What to Do
I should note that this was my third visit to London, so I’ve already done most of the main tourist attractions, including the London Eye, Westminster Abbey, the Houses of Parliament, Kensington Palace, and the Victoria & Albert Museum. On this trip, we really wanted to focus on our particular interests while sightseeing.
Churchill's War Cabinet Rooms — This exhibition was recommended to us by a friend of ours, and turned out to be one of the better museums that I’ve visited in London. The rooms where Winston Churchill maintained his command during the bombings of World War II are a kind of time capsule for the period; many of the rooms were simply left as they were at the end of the war until they were rediscovered during the 1980s. There was also a good exhibition on Winston Churchill’s life, including interactive maps, diaries, quotes, and pictures, to help visitors gain a better understanding of the man who helped lead Britain to victory.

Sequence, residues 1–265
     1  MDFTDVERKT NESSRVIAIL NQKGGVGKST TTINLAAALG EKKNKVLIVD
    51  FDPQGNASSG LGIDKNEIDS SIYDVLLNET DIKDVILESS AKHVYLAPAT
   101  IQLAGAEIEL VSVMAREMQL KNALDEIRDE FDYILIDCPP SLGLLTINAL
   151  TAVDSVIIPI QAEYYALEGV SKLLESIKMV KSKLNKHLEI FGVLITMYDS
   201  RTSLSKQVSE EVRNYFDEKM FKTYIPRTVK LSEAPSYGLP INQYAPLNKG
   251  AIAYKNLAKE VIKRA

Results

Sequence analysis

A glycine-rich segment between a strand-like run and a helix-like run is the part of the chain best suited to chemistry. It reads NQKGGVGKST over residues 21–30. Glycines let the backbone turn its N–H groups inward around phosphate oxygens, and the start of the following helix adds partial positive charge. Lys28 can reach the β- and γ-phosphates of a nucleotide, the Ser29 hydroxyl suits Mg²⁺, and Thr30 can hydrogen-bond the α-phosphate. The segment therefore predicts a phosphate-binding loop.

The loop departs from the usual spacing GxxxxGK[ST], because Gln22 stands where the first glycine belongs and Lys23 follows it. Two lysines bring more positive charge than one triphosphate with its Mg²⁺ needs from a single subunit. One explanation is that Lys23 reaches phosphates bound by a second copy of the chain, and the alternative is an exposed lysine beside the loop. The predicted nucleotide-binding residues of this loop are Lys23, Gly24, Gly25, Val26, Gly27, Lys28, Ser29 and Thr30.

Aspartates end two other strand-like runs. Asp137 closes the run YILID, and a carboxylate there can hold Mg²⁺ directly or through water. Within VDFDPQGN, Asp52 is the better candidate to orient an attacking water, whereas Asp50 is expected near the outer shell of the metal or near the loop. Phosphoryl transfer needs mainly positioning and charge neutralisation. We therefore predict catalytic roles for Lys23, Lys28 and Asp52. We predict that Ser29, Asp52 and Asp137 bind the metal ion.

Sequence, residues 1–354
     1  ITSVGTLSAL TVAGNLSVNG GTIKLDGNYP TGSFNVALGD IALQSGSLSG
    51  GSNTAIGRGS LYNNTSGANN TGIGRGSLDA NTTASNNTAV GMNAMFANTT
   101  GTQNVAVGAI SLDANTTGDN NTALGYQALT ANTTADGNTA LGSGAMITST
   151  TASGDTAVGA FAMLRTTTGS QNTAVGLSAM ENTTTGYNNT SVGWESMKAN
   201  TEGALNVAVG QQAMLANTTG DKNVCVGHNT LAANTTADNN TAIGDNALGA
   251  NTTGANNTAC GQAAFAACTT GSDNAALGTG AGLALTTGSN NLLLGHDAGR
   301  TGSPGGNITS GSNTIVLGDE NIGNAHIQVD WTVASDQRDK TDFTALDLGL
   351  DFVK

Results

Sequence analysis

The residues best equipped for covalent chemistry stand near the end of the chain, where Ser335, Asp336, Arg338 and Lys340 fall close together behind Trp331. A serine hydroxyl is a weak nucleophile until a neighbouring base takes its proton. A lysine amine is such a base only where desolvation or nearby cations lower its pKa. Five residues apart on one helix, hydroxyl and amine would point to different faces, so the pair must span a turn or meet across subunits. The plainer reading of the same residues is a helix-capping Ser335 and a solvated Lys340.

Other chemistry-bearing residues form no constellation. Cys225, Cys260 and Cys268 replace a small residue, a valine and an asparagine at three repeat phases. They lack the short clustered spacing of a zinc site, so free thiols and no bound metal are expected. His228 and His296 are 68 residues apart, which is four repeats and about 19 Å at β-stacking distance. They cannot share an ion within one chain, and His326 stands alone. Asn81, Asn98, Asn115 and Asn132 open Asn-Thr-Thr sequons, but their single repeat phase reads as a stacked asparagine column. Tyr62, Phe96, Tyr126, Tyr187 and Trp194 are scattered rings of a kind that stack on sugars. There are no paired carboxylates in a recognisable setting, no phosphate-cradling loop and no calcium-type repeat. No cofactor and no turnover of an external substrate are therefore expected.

Buckingham Palace State Rooms — Buckingham Palace is only open to visitors during the summer when the Queen goes on holiday to her castle in Scotland. As such, we felt like we couldn’t pass up the opportunity to see the insides of a working palace. Our tickets included an audio guide that walked us through the various state rooms where foreign dignitaries and visitors to the Queen are received. During our visit, there was also a special exhibition including many of Queen Elizabeth II’s hats and dresses during her reign and the significance of her fashion. I’ve been to Versailles near Paris and to several castles and palaces in Germany, including Ludwigsburg, Charlottenberg, and Neuschwanstein, but Buckingham was by far the most opulent and interesting.